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Column: Decriminalizing drugs a positive step, but 'still a long way to go'

A Tri-Cities woman believes those possessing small amounts of illicit drugs will be less stigmatized by the public.
Chloe Goodison Port Moody naloxone kit webinars - Mario Bartel
Chloe Goodison, who's from Port Moody, started NaloxHome, which offers free webinars on B.C.'s overdose crisis.

The following column was submitted to the Tri-City News from Chloe Goodison, founder of NaloxHome — a Tri-Cities-based organization that looks to educate and reduce the stigma behind B.C.'s overdose crisis.

As news breaks that B.C. has become the first province in Canada to decriminalize small-scale illicit drug possession, it is important to consider this milestone as a step in the right direction.

This decision will benefit taypayers, people who use drugs, law enforcement, and friends and family members looking to support those with substance use issues.

At NaloxHome, we’ve reframed our thinking to teach local students that substance use is a public health issue, not a criminal issue. This needs to be the guiding principle of future decisions around drug legalization and safe supply.

Firstly, let’s make it clear: there is a big difference between decriminalization of illicit substances, and legalization of illicit substances.

With decriminalization comes non-criminal responses to small-scale possession of illicit substances  up to 2.5 grams of opioids, MDMA, methamphetamines, and cocaine.

These responses may include fines or warnings, but possession of illicit substances won’t have criminal ramifications. Legalization of these substances would mean a regulated, safe supply – much like how alcohol and cannabis are currently offered. 

Though the difference between legalization and decriminalization can be confusing, it’s important to remember that we are only set to decriminalize  which is a great start towards eventual legalization.

For context, B.C. is not the first geographic area to decriminalize illicit drugs. In 2001, Portugal did so, and saw tremendously positive results. The number of individuals seeking drug treatment went up, the amount of fatal overdoses went down, new HIV cases dropped dramatically, and tons of money was saved on people going to courts for drug possession.

All in all, Portugal has the overarching right idea — substance use is a public health issue, in the same way that mental and physical illnesses are.

When presenting with NaloxHome, we are often asked by students about the benefits of illicit drug decriminalization.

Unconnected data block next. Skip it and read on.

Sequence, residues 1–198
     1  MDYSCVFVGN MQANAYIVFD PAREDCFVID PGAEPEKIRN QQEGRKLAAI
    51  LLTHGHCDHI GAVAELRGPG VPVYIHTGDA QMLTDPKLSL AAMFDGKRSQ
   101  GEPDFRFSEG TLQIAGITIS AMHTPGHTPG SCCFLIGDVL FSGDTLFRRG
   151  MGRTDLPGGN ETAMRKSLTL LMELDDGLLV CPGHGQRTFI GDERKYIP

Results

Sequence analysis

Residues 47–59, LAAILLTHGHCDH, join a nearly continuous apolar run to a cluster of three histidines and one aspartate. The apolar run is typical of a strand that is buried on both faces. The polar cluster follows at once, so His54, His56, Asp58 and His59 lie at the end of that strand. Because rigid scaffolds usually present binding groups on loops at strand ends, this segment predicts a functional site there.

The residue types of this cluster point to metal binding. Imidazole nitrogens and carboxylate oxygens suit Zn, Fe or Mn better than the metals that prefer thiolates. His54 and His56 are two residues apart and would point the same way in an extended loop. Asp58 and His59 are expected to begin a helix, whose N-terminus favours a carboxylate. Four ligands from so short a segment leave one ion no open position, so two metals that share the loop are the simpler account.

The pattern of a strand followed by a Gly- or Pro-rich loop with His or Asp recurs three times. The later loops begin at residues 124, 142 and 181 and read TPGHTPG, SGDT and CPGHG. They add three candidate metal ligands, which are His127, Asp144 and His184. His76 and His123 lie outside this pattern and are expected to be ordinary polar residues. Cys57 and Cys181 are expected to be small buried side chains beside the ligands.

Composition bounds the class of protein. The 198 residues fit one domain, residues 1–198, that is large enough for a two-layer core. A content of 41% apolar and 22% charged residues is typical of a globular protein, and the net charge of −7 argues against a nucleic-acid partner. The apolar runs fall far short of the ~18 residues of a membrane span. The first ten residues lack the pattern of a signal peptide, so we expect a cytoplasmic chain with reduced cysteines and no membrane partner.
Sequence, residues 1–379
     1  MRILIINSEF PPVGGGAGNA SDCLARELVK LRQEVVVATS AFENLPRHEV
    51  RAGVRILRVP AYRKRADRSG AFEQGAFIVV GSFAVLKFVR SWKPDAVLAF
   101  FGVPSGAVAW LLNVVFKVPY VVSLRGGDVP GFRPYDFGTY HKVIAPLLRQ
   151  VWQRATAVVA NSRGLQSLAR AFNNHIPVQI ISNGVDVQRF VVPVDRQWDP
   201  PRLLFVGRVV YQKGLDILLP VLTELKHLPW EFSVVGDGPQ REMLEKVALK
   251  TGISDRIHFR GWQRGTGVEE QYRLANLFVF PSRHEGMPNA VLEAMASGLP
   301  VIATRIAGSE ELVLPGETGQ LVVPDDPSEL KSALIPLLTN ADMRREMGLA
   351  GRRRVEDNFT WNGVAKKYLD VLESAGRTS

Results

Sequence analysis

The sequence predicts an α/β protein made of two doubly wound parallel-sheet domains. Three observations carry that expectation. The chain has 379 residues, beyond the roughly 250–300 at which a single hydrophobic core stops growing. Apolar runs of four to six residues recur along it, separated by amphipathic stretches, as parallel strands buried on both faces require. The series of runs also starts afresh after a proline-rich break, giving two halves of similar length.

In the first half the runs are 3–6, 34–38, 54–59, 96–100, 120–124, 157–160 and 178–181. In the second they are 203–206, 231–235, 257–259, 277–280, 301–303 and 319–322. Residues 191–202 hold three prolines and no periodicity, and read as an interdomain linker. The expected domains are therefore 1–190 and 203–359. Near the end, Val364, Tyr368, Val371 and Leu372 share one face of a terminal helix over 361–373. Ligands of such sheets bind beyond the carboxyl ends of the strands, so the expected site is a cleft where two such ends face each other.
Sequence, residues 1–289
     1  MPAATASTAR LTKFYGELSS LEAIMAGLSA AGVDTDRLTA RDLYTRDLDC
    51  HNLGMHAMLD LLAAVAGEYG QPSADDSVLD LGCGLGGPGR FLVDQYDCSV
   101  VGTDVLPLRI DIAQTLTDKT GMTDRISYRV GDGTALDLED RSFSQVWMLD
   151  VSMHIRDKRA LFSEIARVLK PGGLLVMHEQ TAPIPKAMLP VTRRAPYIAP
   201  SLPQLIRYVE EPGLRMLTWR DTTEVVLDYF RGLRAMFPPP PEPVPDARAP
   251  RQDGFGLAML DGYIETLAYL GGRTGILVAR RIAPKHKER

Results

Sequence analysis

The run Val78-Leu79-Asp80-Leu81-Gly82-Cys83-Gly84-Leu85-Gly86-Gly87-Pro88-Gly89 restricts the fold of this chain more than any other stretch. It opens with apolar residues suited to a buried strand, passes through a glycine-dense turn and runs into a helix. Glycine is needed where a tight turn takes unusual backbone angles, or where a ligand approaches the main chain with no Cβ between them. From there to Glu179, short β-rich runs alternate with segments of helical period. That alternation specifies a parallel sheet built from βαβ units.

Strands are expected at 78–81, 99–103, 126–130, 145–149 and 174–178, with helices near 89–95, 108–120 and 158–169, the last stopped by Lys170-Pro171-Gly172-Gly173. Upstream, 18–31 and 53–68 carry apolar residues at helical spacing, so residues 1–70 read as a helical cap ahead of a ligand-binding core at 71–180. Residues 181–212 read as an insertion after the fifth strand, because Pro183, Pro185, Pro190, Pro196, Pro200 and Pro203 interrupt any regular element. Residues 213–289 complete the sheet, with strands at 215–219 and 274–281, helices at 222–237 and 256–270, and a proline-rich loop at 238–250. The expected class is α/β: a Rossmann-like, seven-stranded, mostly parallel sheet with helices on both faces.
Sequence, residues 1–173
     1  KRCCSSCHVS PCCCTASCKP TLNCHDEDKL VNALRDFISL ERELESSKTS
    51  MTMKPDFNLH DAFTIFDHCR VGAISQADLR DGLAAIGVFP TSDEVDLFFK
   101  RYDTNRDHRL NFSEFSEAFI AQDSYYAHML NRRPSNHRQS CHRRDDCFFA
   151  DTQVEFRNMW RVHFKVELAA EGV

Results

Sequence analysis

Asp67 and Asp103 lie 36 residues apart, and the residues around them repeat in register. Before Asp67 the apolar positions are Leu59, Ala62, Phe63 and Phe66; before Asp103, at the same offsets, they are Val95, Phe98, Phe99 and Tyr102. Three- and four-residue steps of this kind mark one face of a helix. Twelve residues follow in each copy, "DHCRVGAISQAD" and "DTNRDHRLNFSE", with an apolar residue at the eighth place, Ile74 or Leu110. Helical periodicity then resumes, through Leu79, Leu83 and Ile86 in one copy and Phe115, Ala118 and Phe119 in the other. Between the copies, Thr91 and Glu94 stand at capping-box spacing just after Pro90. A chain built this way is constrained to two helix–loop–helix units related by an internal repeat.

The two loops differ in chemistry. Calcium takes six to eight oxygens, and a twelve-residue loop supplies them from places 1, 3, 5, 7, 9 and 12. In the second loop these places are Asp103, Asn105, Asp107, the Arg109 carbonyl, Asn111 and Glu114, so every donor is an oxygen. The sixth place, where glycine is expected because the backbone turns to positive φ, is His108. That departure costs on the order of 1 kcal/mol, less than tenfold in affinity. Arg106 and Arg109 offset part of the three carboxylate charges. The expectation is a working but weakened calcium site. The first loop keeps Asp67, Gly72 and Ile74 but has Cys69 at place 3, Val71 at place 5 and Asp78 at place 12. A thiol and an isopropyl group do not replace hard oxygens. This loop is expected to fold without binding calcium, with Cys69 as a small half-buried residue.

Along with the benefits that Portugal observed, another benefit of decriminalization is the decreased stigma around substance use that will likely start to happen. Criminal activities, no matter what they are, are stigmatized as being inherently bad.

In 2023, when decriminalization kicks in, people possessing small amounts of illicit drugs will likely start to be less stigmatized.

As well, decriminalization will free up law enforcement resources, save money in jail and prison costs, and perhaps ease the rocky relationship between law enforcement and people who use drugs — because possession will no longer be illegal. These factors play a huge role in the current stigmatization of substance use and people who use drugs.

Stigma is a key term that we cover in our NaloxHome presentations.

To break it down, a stigma is a negative stereotype that society attaches to a group of people based on an individual attribute.

The stigma around people who use drugs tends to be that their drug use is a choice, they’re undeserving of the same services that the rest of society is, and that they typically live in [Vancouver's] Downtown Eastside.

These are huge falsities.

The reality is that most people overdosing are using their drugs alone, in private residences. These same people feel deep shame in their drug use — therefore preventing them from accessing drug treatment services, disclosing their substance use to family or friends, and putting themselves at extreme risk of drug poisoning when using alone.

If there was no stigma around substance use, individuals would seek treatment in the same way one does for physical illness or injury  without fear of judgment, criminal consequence, or loss of friend/family support.

Though the news of decriminalization is a positive step forward, there is still a long way to go.

I am confident that positive results will come from this decision – but it eventually needs to turn into a safe, legalized drug supply, so people who use drugs don’t have to worry about fentanyl/benzos poisoning or the deadly stigma around their usage.